I really got a kick when Iron Man made an appearance in Spider-Girl, and Ron Frenz drew Iron Man as if George Tuska had drawn the character himself. It was like seeing the Iron Man of my younger years once more.

Ahhhh…. The memories.

But as long as we have Iron Man around…. We will have a little reminder of George Tuska…. Since for a decade or so….

He was Iron Man.

R.I.P. Geroger Tuska. 1916- 2009

Tuesday, October 20, 2009

Hey Kids! It's Mister Crimson!

While we wait for the Mister Crimson team to put on the finishing touches to some new installments, I thought I would share these cool looking character sketches Diego did.

He was working on a project for children and decided to try the same style on Mister Crimson.
To the right you can click and see the full sized version of this stylized Mister Crimson. Below is Ace in the same style.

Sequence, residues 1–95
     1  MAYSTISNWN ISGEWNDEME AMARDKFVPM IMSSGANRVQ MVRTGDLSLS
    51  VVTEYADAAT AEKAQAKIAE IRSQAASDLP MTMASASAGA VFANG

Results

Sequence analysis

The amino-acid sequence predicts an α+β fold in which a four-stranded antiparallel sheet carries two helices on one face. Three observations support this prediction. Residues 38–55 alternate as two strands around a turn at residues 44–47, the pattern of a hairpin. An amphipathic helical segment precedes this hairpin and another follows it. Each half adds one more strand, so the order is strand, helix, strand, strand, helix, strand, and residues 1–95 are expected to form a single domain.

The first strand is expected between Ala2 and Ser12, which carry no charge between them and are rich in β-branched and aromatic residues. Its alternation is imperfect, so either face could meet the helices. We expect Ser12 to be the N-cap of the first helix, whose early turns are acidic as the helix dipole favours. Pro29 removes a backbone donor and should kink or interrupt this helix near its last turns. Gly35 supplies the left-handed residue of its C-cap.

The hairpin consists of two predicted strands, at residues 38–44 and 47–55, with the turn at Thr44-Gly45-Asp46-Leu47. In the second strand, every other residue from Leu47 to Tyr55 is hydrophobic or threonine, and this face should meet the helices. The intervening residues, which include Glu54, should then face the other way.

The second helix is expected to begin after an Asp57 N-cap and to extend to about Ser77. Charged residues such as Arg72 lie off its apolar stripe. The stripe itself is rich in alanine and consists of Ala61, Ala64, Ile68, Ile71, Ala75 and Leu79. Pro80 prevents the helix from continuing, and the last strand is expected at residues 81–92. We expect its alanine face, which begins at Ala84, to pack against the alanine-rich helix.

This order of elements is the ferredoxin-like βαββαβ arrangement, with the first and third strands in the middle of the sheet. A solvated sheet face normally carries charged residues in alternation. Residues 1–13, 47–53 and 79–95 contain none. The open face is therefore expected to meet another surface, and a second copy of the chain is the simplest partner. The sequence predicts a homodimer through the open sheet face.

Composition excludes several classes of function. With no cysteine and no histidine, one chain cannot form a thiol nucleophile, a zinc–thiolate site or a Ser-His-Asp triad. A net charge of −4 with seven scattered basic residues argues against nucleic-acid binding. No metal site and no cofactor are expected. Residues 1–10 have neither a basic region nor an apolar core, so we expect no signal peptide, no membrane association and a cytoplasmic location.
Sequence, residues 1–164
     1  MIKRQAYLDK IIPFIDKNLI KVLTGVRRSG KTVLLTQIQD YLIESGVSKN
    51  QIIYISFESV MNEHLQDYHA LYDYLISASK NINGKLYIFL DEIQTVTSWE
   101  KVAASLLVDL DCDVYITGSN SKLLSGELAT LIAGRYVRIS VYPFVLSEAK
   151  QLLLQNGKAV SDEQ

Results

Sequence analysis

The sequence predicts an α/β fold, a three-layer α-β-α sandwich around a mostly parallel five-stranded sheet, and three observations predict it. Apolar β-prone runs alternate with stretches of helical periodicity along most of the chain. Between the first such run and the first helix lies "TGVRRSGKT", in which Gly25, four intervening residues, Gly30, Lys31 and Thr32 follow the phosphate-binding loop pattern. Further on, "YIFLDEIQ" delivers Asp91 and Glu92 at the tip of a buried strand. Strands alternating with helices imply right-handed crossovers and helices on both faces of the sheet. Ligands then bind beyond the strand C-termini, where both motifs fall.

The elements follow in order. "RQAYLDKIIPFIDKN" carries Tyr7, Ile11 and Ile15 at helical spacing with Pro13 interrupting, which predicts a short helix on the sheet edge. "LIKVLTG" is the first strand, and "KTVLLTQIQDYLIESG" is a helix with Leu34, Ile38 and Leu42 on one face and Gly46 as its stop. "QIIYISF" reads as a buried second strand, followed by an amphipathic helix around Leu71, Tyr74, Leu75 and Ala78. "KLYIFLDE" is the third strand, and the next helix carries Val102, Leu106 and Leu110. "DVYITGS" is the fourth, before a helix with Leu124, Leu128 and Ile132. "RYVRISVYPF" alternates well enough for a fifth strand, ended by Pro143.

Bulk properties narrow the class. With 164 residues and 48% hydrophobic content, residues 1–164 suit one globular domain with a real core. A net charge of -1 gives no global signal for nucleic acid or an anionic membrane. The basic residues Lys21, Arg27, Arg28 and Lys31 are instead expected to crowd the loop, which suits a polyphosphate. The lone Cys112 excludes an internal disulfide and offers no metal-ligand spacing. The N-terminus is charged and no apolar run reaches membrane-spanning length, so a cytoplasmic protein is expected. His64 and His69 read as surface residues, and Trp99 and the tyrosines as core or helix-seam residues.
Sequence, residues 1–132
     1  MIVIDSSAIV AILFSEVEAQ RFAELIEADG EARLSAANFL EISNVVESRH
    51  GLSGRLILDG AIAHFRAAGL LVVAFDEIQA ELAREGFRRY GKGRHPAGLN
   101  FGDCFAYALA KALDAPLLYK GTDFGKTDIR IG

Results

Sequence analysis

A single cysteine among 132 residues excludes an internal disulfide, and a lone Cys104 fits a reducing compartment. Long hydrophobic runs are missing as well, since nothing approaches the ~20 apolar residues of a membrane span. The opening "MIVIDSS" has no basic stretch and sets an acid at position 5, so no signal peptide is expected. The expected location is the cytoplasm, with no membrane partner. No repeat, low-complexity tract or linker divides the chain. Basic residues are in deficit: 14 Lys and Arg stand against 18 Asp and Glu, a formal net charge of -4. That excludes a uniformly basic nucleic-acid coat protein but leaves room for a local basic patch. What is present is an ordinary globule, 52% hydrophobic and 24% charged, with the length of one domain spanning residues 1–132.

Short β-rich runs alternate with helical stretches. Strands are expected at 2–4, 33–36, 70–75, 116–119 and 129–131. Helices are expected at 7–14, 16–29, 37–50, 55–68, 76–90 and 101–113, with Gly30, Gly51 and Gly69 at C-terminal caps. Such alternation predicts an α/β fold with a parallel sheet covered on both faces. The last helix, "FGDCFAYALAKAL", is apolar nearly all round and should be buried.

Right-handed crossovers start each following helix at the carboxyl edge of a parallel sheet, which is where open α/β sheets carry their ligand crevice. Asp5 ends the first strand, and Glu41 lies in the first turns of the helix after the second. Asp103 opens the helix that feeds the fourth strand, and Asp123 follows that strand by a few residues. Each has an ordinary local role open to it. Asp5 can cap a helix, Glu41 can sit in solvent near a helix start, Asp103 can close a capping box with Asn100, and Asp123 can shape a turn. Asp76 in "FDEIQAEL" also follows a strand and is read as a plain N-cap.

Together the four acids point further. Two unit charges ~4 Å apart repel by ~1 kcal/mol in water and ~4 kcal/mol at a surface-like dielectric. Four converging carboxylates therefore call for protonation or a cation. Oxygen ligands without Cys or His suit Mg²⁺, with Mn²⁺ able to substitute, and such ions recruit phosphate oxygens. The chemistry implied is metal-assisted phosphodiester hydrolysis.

Monday, October 19, 2009

Free Comics Monday: Space Western

Okay, in my time of posting public domain comics here on my blog, I can say this is probably the most mind blowing concept comic I've ever encountered. Long before the idea of Transparent Mashups was even coined, Charlton Comics pioneered the concept with their zany comic Space Western.

What's interesting is this the actual idea of Space Westerns was a common theme in comics and science fiction, but usually there was an attempt to blend the elements.

However, such subterfuge is unnecessary for Space Western. Here,
Spur wearing cowboys and warpaint wearing Indians clash against ray gun welding Martians for the fate of humanity.

In this issue Spurs Jackson and his Space Vigilantes who in one issue fight Nazis on Mars

Space Western 44

[ Space Western 44 ]

In this issue Strong Bow, a Native American who helps the US Army fight Aztecs from Space